Enter the search term “video sharing site” into Google and you'll be bombarded with dozens of relatively new domains, all competing to amuse you with short, silly and often crude videos produced by people all over the world. Sites with names like Revver, Grouper, Guba, Heavy and Stickam have popped up all over the internet in the last few months. It is probably no coincidence that they all resemble wildly popular site YouTube, which has achieved runaway success in the past year and become a household name virtually overnight.
YouTube, founded a little less than two years ago by two former PayPal executives, allows users to upload short videos and share them with the world. The site quickly became a huge hit, offering millions of short videos showcasing everything from bike stunts to Tom Cruise's antics on the Oprah Winfrey show. With reported growth of 20 percent per month, the site has survived mostly from VC backing, but has yet to figure out how it is going to become a profitable enterprise.
This hasn't stopped countless imitators from emulating the site's format, nor has it stopped investors from pumping money in. With the technology world abuzz about how YouTube is going to revolutionize the way we watch video, VCs are betting that there's room for more than one provider of this type of service.
This week Motionbox, a video sharing site based in New York, received $4.2 million (€3.3 million) in first-round funding from Canaan Partners, SAS Investors and Itochu Corp of Japan. The investment follows last month's sale of Sausalito, California-based Grouper, another video sharing site, to Sony Pictures Entertainment for $65 million in cash.
Grouper had already signed a term sheet from an undisclosed venture capital firm for $8 million with a pre-money valuation in the $30 million range, but opted to be bought instead. The sale followed the purchase of online video showcase Atom Entertainment earlier in August by Viacom for $200 million.
“I think the way we will consume video two years from now is going to be radically different from the way we consume video today,” says Warren Lee, a principal with Canaan Partners. “I don't think it's a passing fad, but I think it's really early. There's so many start-up companies right now because we're just at the beginning of this process.”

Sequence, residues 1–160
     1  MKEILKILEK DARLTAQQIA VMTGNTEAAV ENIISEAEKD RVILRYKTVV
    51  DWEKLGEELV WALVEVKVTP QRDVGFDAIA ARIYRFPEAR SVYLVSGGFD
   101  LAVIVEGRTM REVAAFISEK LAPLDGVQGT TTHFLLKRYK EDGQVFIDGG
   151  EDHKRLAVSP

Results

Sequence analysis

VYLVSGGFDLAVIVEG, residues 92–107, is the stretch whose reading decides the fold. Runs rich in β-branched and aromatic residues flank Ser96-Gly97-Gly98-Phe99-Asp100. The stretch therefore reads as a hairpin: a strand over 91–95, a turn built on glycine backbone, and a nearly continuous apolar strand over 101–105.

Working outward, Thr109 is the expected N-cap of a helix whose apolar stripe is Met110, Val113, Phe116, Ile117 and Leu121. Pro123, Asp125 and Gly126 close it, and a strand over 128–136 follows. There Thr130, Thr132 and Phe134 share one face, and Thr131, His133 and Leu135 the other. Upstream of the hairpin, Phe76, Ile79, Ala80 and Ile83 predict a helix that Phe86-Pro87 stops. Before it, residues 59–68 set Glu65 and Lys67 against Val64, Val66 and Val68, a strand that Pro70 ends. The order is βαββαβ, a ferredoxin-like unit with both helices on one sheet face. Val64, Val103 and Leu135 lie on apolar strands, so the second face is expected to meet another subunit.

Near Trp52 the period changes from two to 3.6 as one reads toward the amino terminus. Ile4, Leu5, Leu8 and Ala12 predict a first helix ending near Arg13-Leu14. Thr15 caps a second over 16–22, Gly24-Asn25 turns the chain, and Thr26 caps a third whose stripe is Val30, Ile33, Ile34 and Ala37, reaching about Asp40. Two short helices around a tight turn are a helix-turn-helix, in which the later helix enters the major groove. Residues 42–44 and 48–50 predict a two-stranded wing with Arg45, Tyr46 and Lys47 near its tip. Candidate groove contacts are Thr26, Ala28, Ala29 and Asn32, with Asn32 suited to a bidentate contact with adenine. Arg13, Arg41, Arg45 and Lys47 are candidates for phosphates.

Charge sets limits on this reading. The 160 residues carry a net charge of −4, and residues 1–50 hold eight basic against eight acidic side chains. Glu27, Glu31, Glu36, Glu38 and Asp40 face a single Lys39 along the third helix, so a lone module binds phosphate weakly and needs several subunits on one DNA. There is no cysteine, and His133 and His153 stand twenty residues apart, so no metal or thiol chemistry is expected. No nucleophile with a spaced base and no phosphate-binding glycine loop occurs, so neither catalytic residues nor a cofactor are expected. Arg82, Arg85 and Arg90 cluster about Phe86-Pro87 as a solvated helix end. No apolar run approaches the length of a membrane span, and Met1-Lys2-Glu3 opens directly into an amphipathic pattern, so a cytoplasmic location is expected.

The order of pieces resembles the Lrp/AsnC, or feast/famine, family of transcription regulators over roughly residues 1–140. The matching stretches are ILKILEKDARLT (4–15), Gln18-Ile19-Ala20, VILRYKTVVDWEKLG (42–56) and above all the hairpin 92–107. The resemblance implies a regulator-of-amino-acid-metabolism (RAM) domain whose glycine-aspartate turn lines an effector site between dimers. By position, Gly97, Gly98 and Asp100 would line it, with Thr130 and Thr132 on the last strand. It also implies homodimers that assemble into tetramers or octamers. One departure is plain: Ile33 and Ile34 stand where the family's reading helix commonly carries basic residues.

Lee says Canaan looked at over a dozen new video-sharing sites before settling on Motionbox. He says that while most of the sites he saw seemed to have a ‘me too’ mentality, offering only YouTube clones, Motionbox offers innovative services that set it apart from the crowd and will allow it to attract users who wouldn't be interested in the YouTube site. He says it caters to users who just want to share their videos with family and friends rather than exhibit to the whole world. The site offers special features like the ability to break up videos into sections and allow users to skip straight to the sections they want to see. The noticeably less voyeuristic nature of the site made a local NBC affiliate comfortable enough with the content to partner with the site.
Different as Motionbox may be, many observers are still concerned that new video-sharing sites have yet to exhibit any clear business model that will make them a profit. And so far, after the number-one-ranked YouTube, the most popular video sharing sites have come from the large internet players. News Corp's MySpace Video, MSN Video, Google Video, AOL Video and Yahoo Video are the next five most popular video sites after YouTube. While these more established sites are able to integrate the video services with their established advertising plans, it remains to be seen how the independent video sharing start-ups will monetize increasing interest.
As the video sharing sites rush to find ways to integrate advertisers, it may be that the first site to discover the best way to do so will emerge as the real competitor to YouTube. For its part, the video sharing pioneer has recruited Paris Hilton, herself no stranger to “user-generated” internet video, to launch its latest attempt at advertising. The socialite-turned-pop singer now has her own branded channel on the site, paid for by her record label, Warner Music, to promote her new album. It remains to be seen whether the ‘branded channel’ approach will hit it off with viewers, but with celebrities getting in on the act, there may be no stopping the march of internet video.